The story follows Mletkin throughout his life—from a boy just going through the motions of village life in Uelen, into a young adult who starts to see how the outside world is not only different from his own, but can also be detrimental to it, and finally into a man who has traveled the world and is so self-aware it is at times frightening.
However, it’s hard to label the entirety of Rytkheu’s work purely as fiction. The Chukchi Bible is a record of how and what the Chukchi hunted, what they ate, what they wore, how they named their children, claimed their spouses, and how their culture was slowly but surely upended by both Russian and American influences. And yet it focuses on Rytkheu’s own family and is a kind of homage to his grandfather, Mletkin, the last shaman of the coastal Siberian village of Uelen. This historical account of the Chukchi people and the author’s roots is lush with mystic elements of Chukchi folk culture. Biography, history, fantasy—it’s a three-in-one deal. Rytkheu moves smoothly from one genre to another in a conversational, educational, but never boring manner.
What’s great about The Chukchi Bible is that it conveys the hauntingly beautiful connection between man and nature alongside the scientific aspects of the harsh reality in which Rytkheu’s resilient ancestors lived and interacted—all the while weaving it seamlessly with that folk tale thread. The emotional and factual experience while reading this is analogous to taking a book of the Brothers Grimm and a National Geographic documentary, mixing it into a half liter of Coke, then dropping in a Mentos and enjoying the ensuing explosion as it all rains down.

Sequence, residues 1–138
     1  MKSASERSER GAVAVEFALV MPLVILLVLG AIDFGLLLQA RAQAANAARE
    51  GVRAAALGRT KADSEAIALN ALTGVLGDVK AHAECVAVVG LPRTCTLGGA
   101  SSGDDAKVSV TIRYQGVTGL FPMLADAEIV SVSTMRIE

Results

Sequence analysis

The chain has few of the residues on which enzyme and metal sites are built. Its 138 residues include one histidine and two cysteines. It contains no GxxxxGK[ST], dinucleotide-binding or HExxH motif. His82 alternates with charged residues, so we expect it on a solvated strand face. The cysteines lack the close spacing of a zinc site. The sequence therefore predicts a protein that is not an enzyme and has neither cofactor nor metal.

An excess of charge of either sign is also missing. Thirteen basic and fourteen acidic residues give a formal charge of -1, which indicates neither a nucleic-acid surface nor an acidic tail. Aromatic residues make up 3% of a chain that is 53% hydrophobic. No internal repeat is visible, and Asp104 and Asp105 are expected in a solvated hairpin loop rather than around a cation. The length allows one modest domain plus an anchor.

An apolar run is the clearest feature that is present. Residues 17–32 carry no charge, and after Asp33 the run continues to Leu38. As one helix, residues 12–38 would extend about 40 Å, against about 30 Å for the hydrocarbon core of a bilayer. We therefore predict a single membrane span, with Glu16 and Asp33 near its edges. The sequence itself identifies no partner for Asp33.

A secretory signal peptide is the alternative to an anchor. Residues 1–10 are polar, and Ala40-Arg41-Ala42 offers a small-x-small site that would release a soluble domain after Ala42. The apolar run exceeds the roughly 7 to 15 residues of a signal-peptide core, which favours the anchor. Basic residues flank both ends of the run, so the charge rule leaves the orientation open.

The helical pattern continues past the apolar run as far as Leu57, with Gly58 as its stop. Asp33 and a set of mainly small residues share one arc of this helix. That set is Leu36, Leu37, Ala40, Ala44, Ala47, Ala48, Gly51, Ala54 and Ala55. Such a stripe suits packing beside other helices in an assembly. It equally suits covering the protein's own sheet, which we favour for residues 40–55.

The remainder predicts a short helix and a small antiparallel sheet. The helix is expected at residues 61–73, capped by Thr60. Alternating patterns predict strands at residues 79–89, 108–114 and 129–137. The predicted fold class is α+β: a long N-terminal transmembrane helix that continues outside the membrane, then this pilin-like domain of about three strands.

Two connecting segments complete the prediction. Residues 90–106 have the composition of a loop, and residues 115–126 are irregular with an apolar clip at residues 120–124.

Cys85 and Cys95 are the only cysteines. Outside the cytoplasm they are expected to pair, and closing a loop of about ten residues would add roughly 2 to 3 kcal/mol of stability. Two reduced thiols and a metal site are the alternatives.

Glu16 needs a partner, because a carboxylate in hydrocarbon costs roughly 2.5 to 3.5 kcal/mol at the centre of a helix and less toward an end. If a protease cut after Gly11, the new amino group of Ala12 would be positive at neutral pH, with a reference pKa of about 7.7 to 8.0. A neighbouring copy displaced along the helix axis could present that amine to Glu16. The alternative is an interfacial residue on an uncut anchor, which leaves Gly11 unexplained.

That’s right—it’s freaking awesome.
Originally published in French in 2007, We’re Not Here to Disappear (On n’est pas là pour disparaître) won the Prix Wepler-Fondation La Poste and the Prix Pierre Simon Ethique et Réflexion. The work has been recently translated by Béatrice Mousli. . .
Even though the latest from Jean Echenoz is only a thin volume containing seven of what he calls “little literary objects,” it is packed with surprises. In these pieces, things happen below the surface, sometimes both literally and figuratively. As. . .
Who is this woman? This is the question that opens Xiao Bai’s French Concession, a novel of colonial-era Shanghai’s spies and revolutionaries, police and smugglers, who scoot between doorways, walk nonchalantly down avenues, smoke cigars in police bureaus, and lounge. . .
For the past 140 years, Anna Karenina has been loved by millions of readers all over the world. It’s easy to see why: the novel’s two main plots revolve around characters who are just trying to find happiness through love.. . .
Linn Ullmann’s The Cold Song, her fifth novel, is built much like the house about which its story orbits: Mailund, a stately white mansion set in the Norwegian countryside a few hours drive from Oslo. The house, nestled into the. . .
Karel Schoeman’s Afrikaans novel, This Life, translated by Else Silke, falls into a genre maybe only noticed by the type of reader who tends toward Wittgenstein-type family resemblances. The essential resemblance is an elderly narrator, usually alone—or with one other. . .
In Joris-Karl Hyusmans’s most popular novel, À rebours (Against Nature or Against the Grain, depending on the which translated edition you’re reading), there is a famous scene where the protagonist, the decadent Jean des Esseintes, starts setting gemstones on the. . .